Sankalpa, Saṅkalpa, Saṅkalpā: 11 definitions

Introduction

Sankalpa means something in Hinduism, Sanskrit, the history of ancient India, Marathi. If you want to know the exact meaning, history, etymology or English translation of this term then check out the descriptions on this page. Add your comment or reference to a book if you want to contribute to this summary article.

In Hinduism

Vaishnavism (Vaishava dharma)

Source: Pure Bhakti: Bhagavad-gita (4th edition)

Saṅkalpa (सङ्कल्प) refers to “the mind’s function of acceptance and determination”. (cf. Glossary page from Śrīmad-Bhagavad-Gītā).

Source: Pure Bhakti: Arcana-dipika - 3rd Edition

Saṅkalpa (सङ्कल्प) refers to “taking vows” (before performing an auspicious activity), according to the Arcana-dīpikā (manual on deity worship).—A saṅkalpa can be chanted before any auspicious vrata, or religious undertaking.

Vaishnavism book cover
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Vaishnava (वैष्णव, vaiṣṇava) or vaishnavism (vaiṣṇavism) represents a tradition of Hinduism worshipping Vishnu as the supreme Lord. Similar to the Shaktism and Shaivism traditions, Vaishnavism also developed as an individual movement, famous for its exposition of the dashavatara (‘ten avatars of Vishnu’).

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Purana and Itihasa (epic history)

[«previous (S) next»] — Sankalpa in Purana glossary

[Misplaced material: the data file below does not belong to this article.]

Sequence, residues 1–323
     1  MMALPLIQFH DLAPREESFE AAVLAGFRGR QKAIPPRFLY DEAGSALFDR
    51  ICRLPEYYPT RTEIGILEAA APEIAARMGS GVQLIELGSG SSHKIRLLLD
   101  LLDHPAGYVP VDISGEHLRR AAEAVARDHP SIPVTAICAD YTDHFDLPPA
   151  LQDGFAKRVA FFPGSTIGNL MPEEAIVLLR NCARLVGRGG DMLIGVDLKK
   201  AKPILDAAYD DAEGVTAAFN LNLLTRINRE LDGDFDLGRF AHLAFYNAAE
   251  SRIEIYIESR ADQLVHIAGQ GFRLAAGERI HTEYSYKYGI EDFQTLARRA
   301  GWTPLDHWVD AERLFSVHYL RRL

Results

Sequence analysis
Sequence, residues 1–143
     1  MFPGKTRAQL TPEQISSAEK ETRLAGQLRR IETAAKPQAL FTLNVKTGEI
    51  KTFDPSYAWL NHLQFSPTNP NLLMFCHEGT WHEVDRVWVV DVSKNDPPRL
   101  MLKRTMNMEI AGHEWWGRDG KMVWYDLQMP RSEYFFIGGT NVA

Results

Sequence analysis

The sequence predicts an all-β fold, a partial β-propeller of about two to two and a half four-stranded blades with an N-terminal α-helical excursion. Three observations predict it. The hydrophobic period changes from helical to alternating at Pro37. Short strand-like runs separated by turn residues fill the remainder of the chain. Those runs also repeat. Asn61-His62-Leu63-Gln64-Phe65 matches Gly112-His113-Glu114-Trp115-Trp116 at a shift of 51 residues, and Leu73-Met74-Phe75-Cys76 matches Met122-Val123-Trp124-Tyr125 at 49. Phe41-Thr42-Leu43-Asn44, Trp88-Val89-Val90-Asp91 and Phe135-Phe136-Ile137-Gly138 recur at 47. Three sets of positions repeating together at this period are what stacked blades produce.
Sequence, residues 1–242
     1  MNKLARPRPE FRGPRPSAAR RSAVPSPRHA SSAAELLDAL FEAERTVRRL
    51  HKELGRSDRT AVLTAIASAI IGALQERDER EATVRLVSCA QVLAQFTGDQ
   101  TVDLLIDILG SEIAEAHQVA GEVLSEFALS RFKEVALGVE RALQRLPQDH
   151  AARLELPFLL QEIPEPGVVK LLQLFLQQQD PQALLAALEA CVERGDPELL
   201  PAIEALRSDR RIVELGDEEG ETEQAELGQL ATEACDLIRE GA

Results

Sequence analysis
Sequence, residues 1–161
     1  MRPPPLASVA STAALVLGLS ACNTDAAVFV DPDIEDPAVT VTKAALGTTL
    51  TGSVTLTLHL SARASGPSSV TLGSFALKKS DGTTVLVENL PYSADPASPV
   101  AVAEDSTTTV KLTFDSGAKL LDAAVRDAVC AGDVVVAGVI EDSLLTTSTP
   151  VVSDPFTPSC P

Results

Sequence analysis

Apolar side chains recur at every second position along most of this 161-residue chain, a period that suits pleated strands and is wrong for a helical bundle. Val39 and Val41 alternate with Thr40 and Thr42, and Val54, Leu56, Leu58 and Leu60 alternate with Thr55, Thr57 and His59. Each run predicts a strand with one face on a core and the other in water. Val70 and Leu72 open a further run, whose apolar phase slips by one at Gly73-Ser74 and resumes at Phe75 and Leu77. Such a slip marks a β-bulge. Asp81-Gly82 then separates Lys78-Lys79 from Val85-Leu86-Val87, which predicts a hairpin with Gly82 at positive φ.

Source: archive.org: Puranic Encyclopedia

1) Saṅkalpa (सङ्कल्प).—One of the sons born to Dharmadeva by his wife Saṅkalpā. (Bhāgavata, Skandha 6).

2) Saṅkalpā (सङ्कल्पा).—A daughter of Dakṣa. Dharmadeva married the following ten daughters of Dakṣa, i.e. Arundhatī, Vasu, Yamī, Lambā, Bhānū, Marutvatī, Saṅkalpā, Muhūrtā, Sādhyā and Viśvā.

Source: Cologne Digital Sanskrit Dictionaries: The Purana Index

1a) Saṅkalpa (सङ्कल्प).—A son of Samkalpā and Dharma; father of Kāma.*

  • * Bhāgavata-purāṇa VI. 6. 10: Brahmāṇḍa-purāṇa III. 3. 33; Matsya-purāṇa 5. 19: 203. 10: Vāyu-purāṇa 66. 34. Viṣṇu-purāṇa I. 15. 108.

1b) Created by Brahmā.*

  • * Brahmāṇḍa-purāṇa II. 5. 73.

1c) One of the two vṛttis of mahat.*

  • * Vāyu-purāṇa 4. 46.

2) Saṅkalpā (सङ्कल्पा).—A daughter of Dakṣa, and one of Dharma's ten wives; mother of Samkalpa or pious determination.*

  • * Bhāgavata-purāṇa VI. 6. 4 and 10: Brahmāṇḍa-purāṇa III. 3. 3 and 33. Matsya-purāṇa 5. 16, 19: 203. 10: Vāyu-purāṇa 66. 3: Viṣṇu-purāṇa I. 15. 105, 108.
Source: Shodhganga: The saurapurana - a critical study

Saṅkalpa (सङ्कल्प) or Saṃkalpā refers to one of the ten of Dakṣa’s sixty daughters given to Dharma in marriage, according to one account of Vaṃśa (‘genealogical description’) of the 10th century Saurapurāṇa: one of the various Upapurāṇas depicting Śaivism.—Accordingly, Dakṣa gets married to Asikni, the daughter of Prajāpati Viraṇa and begot sixty daughters. [He gave ten daughters to Dharma in marriage] [...] The ten wives of Dharma are Sādhyā, Viśvā, Saṃkalpā, Muhūrtā, Arundhatī, Marutvatī, Vasu, Bhūnu, Lambā and Jāmī. Saṅkalpa (Saṃkalpa) was born from Saṃkalpā.

Purana book cover
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The Purana (पुराण, purāṇas) refers to Sanskrit literature preserving ancient India’s vast cultural history, including historical legends, religious ceremonies, various arts and sciences. The eighteen mahapuranas total over 400,000 shlokas (metrical couplets) and date to at least several centuries BCE.